Rock ‘n’ Roll High School
Had Roger Corman not come to his senses, I might be writing about Disco High. Ever the opportunist, Corman wanted his then-company, New World, to crank out a quickie flick about what he thought was the big fad. But director Allan Arkush knew that disco was on the way out, and managed to persuade Corman that rock and roll was indeed coming back. Reportedly, the film was designed as a vehicle for Cheap Trick, but they were too big at the time, so Arkush settled for the Ramones.
Rock ‘n’ Roll High School is built around the Queens retro-rock band (they disliked the term “punk,” and in truth they were about as punk as the Stray Cats; it was their audience that was punk), a shrine to them and to general rebellion — though, of course, safe rebellion, meaning that the kids in the film are essentially harmless, up against a school administration so unyielding that it links Ramones music to the death of white mice.
R&RHS owes whatever stature it has to the presence of the Ramones and to a mix of nostalgia and affection; to be honest, it’s not a very good movie on the face of it (it’s written and directed so crudely it makes Animal House look like a Whit Stillman film). But one person does carry you through the mess: P.J. Soles as Riff Randell, cheerleader at Vince Lombardi High School, and the Ramones’ biggest fan. That a girl as perky, bouncy, and blonde as Riff would be madly in love with such songs as “Blitzkrieg Bop” is a pretty good joke in itself. And P.J. Soles, in what turned out to be her only lead role, commands the screen by sheer charisma and enthusiasm. Relegated to mere girlfriend roles (though she was still engaging) in Halloween and Stripes, Soles wasn’t really given room to stretch, though I remember an amusing bit in Halloween where she’s heard in the background nattering on about how it doesn’t matter if you have your books or not. Here, her character has one goal: not to sleep with Joey Ramone, as you might expect of a cheapie teen comedy, but to get him to look at the song she’s written for the Ramones — “Rock and Roll High School,” of course. So we have a ’70s teen movie about a driven, intelligent, rebellious, and creative girl, without making a huge point of it. That alone sets the film apart.
Much of the rest of the movie is lowbrow farce, though imaginatively cast. Mary Woronov, that great perverse goddess, turns up as the film’s chief villain, Principal Togar, who loathes rock music and has two cringing hall monitors to do her bidding. Woronov’s longtime friend and collaborator Paul Bartel comes aboard as a music teacher who eventually lets go of his stuffy attachment to Beethoven and learns to appreciate the Ramones. An early role for Clint Howard allows him some flashy comic moments as Eaglebauer, the school guru, who can get you anything from booze to babes (he caters primarily to the boys, and even has a secretary). No teen movie would be complete without a dull, well-scrubbed couple, and we get that with Vincent Van Patten as an awkward jock and Dey Young as a shy girl with a crush on him. Young is a bit more interesting than Van Patten, who overworks his doofus desperation; we’re meant to sympathize with him while laughing at the mistreatment of a dorky freshman — the movie is a little hypocritical. (And, at times, a little too cartoonish — witness the giant talking mouse, built, I was amused to learn, by Rob Bottin.)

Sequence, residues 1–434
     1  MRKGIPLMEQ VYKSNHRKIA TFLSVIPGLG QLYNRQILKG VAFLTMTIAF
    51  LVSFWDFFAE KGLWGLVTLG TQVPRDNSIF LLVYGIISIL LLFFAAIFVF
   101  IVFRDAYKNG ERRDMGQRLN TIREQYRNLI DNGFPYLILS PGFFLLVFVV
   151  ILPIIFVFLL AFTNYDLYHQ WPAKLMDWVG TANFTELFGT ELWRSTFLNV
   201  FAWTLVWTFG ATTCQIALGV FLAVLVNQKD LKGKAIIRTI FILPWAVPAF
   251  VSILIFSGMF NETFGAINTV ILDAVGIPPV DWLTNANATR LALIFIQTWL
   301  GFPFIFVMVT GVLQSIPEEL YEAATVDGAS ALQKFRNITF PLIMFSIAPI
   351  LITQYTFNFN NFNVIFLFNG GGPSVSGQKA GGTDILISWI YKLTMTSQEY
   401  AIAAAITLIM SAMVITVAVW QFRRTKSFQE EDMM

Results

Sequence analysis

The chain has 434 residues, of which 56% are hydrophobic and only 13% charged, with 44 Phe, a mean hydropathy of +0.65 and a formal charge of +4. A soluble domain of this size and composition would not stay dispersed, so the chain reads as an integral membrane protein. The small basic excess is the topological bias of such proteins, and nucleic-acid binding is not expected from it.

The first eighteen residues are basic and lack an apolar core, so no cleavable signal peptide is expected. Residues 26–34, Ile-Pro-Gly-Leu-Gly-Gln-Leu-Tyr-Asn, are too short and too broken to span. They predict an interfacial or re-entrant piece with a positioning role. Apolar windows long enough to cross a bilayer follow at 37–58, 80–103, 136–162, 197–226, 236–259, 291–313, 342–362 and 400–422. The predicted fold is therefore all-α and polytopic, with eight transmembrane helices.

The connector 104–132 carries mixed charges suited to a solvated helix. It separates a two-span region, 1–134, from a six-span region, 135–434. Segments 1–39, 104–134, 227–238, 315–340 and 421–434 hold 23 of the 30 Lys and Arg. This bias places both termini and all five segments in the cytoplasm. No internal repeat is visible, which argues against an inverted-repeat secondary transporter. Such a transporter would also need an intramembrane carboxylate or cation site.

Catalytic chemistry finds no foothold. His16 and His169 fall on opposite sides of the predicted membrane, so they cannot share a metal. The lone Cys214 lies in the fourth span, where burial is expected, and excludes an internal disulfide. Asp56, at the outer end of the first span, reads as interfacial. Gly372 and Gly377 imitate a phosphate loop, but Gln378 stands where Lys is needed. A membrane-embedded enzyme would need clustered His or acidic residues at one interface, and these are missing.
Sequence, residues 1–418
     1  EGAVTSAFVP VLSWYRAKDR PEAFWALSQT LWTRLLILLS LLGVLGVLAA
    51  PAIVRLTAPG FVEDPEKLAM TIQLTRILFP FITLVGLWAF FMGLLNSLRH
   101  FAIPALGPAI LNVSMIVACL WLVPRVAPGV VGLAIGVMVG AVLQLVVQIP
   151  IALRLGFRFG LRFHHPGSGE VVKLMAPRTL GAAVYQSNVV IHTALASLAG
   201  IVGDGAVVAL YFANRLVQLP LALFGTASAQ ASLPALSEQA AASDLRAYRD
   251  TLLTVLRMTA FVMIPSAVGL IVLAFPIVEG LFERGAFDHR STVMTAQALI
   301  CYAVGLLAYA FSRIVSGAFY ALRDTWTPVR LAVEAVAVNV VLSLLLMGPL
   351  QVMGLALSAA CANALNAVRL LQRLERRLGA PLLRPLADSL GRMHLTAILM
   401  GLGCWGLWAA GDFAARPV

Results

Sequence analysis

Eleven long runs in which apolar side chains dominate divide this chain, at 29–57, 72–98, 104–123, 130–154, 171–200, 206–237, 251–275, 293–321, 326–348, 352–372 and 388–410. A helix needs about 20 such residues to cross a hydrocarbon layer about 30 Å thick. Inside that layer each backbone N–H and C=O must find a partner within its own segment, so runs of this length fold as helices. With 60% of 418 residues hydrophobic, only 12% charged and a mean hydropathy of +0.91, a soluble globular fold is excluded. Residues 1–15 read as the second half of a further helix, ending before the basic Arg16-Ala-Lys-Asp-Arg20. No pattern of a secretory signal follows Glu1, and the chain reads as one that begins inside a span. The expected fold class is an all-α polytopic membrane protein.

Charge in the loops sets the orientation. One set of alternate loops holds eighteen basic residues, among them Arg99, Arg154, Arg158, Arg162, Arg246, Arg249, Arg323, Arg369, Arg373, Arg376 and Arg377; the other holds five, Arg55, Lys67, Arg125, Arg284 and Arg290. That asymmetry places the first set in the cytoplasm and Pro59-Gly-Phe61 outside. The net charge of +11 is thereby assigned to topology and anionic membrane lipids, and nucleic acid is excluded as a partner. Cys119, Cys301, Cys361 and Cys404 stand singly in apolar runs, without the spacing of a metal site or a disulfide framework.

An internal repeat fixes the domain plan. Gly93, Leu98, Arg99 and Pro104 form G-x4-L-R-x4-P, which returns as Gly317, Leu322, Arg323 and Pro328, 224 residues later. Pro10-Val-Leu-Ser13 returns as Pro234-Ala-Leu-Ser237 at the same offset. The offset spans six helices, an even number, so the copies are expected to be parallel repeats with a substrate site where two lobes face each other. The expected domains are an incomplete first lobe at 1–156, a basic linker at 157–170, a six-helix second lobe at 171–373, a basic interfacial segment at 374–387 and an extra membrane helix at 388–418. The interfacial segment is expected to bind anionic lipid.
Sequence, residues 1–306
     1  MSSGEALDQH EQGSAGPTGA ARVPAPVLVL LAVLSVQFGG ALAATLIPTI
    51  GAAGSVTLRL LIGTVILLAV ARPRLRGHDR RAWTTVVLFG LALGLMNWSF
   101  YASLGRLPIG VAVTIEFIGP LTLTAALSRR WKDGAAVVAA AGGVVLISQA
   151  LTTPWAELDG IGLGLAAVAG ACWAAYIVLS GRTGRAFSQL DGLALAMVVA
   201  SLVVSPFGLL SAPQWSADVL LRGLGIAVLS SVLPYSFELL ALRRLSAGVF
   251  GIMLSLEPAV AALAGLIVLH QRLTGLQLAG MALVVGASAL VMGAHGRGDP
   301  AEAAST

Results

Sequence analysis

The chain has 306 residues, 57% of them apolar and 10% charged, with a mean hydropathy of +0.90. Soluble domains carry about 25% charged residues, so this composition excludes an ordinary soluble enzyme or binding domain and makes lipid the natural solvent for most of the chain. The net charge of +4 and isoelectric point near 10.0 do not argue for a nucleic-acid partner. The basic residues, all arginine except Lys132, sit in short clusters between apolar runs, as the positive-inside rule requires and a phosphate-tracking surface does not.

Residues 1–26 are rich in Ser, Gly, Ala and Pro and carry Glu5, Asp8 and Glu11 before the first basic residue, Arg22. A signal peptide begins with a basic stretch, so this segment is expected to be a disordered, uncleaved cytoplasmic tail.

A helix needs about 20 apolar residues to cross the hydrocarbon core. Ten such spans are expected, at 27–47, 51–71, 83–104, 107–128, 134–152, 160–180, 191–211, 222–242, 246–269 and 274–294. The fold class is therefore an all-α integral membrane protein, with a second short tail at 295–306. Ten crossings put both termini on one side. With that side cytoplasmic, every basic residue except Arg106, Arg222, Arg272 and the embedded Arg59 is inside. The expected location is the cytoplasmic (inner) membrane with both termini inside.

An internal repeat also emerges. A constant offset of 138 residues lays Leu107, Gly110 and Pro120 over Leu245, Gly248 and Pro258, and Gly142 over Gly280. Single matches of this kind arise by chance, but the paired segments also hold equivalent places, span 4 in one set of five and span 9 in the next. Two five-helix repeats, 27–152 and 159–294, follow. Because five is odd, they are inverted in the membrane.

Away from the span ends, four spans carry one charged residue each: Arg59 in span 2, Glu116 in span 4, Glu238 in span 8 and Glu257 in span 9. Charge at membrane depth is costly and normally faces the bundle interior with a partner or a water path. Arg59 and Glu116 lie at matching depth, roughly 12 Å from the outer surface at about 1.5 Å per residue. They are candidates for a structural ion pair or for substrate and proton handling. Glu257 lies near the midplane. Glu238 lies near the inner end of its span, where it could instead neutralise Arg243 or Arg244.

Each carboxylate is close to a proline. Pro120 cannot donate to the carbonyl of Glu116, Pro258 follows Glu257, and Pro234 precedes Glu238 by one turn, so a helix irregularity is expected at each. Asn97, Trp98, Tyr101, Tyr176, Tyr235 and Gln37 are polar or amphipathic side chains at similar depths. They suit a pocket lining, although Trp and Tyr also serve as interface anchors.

R&RHS was an obvious influence on Detroit Rock City (1999), which shares this film’s single-minded devotion to a ’70s band (the bands couldn’t be less alike, though KISS did cover a Ramones song on a tribute album). Detroit Rock City, though, wisely kept KISS themselves offscreen for most of the movie. Arkush and his writers drag the Ramones into one of Riff’s fantasies, and their fans will be embarrassed on their behalf (particularly since the band only got $5,000 for their participation — $3,000 of which went to hospital bills when Dee Dee Ramone ODed during filming). None of the Ramones can act, so they’re given noncommittal, dead-sounding lines, and they come across (when not performing music) like a shamefaced rock band doing a guest shot on some late-’70s sitcom. Joey Ramone in particular — God rest his soul — was not a screen natural; all of the Ramones, in fact, have a stoic, cool disregard for the camera and give nothing of themselves to the movie audience, but Joey looks especially ill at ease. A longhaired chinless geek who broke through into coolness by way of a commanding voice (much like Howard Stern and Marilyn Manson), Joey throws the movie’s tone off a bit; how can we revere this guy (and we do, if we’re Ramones boosters) and also laugh at the dork getting shoved into a locker who could’ve been Joey ten years prior?
Still, for all its crudities and flaws, this is a fun love letter to one of the true icons of ’70s rock, and it makes sense that the Ramones’ entry into film was in a cheapjack Roger Corman production rather than in pricier garbage greenlit by a Hollywood studio head trying to seem hip. (Corman only cared about being hip inasmuch as it would turn him a profit — he’s always been refreshingly upfront about that.) The Ramones, after all, drew from the same well of B-movies that Corman did (so did their contemporaries KISS, and Rob Zombie after them). And the footage of the band in concert, shot over three days, with a real and reportedly hostile crowd of fans, is capably shot and well-edited.
The movie’s climax, with the band blaring the title track while the school burns, pulled me up short a little in this post-Columbine era; I reflected that such a finale would never see the light of a projector today, and more’s the pity. We may never again see a teen comedy in which a school can explode and the movie can still be considered essentially good-hearted.